Hello everyone, I hope that you had an enjoyable reading week that didn’t have too many assignments weighing you down. For all of you that did, just remember that it could be much worse. After all, at least you don’t have to hand write it all out like people used to do.
It’s going to be a short newsletter, as the main thing that we want to bring to your attention is the results of CalgaryHacks 2019!
First of all, thank you to everyone that came. You sacrificed your time, sleep, and general sanity to participate, and for that we salute you. To give you an idea of how well things went, let me give you some information:
- Out of the 248 people that registered, 169 people participated.
- Out of the 64 teams that registered, 59 teams participated.
- 38 teams were able to present.
- 480 Croissant sandwiches were bought (Hope you guys aren’t going to France anytime soon).
- 79 boxes of Domino’s Pizza were ordered (Enough boxes to create a small castle that totally would have been amazing).
- 400 can of pop were bought (luckily there were no major explosions).
Now for the winners:
- In first place was Team Dynamic Programming with the project Notifymi, crewed by Calvin Bochulak, Robert Fiker, Alan Fung, and Martin Tran. Congratulations you guys!
- In second place we have team Domain Lettuce with the project Amber Alert. This team was made up of Komal Waseem, Brandon Goberdhansingh, Lawrence Nguyen, Michael Hoang, and Konrad Wisniewski who managed to get the medal that it totally a better colour than gold (No metal bias here at all).
- Finally, in third place we have team Edge Cases (interestingly enough made up entirely of first years) with their submission Recyclr. Dylan Wheeler, Jeremy Stuart, and Himika Dastidar boldly went were many first years would not, and their efforts paid off.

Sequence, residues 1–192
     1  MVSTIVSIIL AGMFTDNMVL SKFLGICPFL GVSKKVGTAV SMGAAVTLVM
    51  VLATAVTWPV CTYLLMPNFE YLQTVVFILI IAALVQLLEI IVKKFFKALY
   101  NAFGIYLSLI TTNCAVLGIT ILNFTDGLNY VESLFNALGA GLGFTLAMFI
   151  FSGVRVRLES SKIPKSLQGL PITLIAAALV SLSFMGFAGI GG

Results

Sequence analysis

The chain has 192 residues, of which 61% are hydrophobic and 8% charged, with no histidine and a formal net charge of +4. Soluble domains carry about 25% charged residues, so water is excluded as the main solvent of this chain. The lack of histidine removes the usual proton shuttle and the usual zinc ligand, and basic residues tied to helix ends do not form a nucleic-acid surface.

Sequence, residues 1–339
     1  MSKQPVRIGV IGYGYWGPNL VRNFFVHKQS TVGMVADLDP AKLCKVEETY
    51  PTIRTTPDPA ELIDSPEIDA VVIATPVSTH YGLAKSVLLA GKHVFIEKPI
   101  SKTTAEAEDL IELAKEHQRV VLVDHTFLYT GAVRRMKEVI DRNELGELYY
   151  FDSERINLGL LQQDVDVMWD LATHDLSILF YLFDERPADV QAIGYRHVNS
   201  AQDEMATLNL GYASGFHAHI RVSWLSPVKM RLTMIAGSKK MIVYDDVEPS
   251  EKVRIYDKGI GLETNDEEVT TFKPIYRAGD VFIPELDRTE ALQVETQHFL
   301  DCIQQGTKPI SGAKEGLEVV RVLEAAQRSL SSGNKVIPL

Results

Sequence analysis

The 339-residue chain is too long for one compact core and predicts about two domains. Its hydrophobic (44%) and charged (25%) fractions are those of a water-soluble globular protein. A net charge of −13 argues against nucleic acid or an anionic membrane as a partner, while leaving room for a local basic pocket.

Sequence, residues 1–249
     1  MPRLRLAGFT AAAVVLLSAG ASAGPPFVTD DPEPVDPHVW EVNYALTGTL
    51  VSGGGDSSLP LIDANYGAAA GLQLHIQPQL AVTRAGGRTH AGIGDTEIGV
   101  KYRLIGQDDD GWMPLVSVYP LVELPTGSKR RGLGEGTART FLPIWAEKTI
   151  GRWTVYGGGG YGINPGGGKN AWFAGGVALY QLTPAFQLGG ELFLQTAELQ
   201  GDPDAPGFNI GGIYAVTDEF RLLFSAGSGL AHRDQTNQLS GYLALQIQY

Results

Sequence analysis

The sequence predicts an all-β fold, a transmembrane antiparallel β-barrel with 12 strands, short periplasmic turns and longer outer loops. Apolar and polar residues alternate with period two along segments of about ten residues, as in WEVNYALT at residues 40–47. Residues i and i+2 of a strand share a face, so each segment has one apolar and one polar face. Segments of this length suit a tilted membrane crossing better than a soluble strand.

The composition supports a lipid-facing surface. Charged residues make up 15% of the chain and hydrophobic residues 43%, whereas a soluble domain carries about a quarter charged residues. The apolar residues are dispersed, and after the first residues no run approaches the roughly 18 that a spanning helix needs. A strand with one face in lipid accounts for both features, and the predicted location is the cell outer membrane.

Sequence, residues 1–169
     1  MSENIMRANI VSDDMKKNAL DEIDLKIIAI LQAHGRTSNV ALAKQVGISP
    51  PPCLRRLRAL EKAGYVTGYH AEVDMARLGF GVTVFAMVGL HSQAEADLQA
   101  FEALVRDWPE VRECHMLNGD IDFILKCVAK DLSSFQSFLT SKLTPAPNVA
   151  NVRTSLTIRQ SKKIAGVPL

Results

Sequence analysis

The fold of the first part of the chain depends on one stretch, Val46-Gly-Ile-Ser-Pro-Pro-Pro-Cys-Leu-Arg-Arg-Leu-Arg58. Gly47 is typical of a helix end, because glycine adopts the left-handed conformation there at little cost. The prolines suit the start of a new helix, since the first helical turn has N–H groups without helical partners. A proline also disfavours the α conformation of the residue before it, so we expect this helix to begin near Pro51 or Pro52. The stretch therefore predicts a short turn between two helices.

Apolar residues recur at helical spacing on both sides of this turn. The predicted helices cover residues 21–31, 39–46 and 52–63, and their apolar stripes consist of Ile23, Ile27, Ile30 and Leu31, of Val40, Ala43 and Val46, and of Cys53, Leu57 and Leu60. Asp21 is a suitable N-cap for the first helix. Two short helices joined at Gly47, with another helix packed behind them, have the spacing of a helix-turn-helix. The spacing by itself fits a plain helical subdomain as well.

- As for runners up, we had a two-way tie for forth place, teams Collision Net and JJAC. In sixth place there was the Goon Squad (is that a Loony Tunes reference?) and in seventh there was team Guardian. Dry Guys took the number eighth spot and while I would love to continue to list all of the team names here, I’m sure that you have enough reading to do with your schoolwork already.
Photos from the event can be viewed here: https://drive.google.com/drive/folders/1KEdU9vXKx5MiJGcwfWJ4pwzeaVsYmFzA
And here is a short video on our CSUS instagram: https://www.instagram.com/p/BuOwW0_Auyr/
Again, we would like to extend our thanks to everyone who participated. While you may have lost some sleep, we are glad that you were able to apply your skills to solve problems that you may have not thought applicable to your concentration.
I hope that you are not completely hacked out for the year though, as NeuroNexus is just around the corner!
NeuroNexus is a Calgary-based, May 2019 multidisciplinary hackathon program that aims to bridge multidisciplinary divides to address challenges in care for neurological and mental health disorders, and accelerate the translation of research to impact.
The program occurs over 6 weeks between March 28-May 13, and consists of 3 key events where participants get to network with other innovators, learn about real-world challenges and form a team on Pitch Day (March 28), develop a functional prototype at the Health Hack Weekend (May 10-12), and show that prototype to the community at Demo Day (May 13).
NeuroNexus needs technically proficient computer science students like you to address challenges in brain science and mental health. During the program, you will work with a multidisciplinary team and one of our ‘Challenge Champions’ to address a specific problem in brain science and mental health that interests you.
You’ll get to apply your knowledge and learn new skills, collaborate with individuals outside your field, and develop a functional prototype with a direct application and potential business opportunity. Projects could be anything from the development of novel hardware and software tools to simplify and accelerate research, computational models of neural systems, and neurotechnologies.
Apply as an Innovator by March 22, 2019 at: https://www.innovation4health.com/neuronexus
Well, that’s all for now. Remember kids, while play hacking is good and fun, actual hacking may involve burly people geared up to the teeth in tactical gear busting down your door and stealing your hard drives that you spent a lot of money on. Until next time, stay safe, and try to avoid the Pentagon firewall.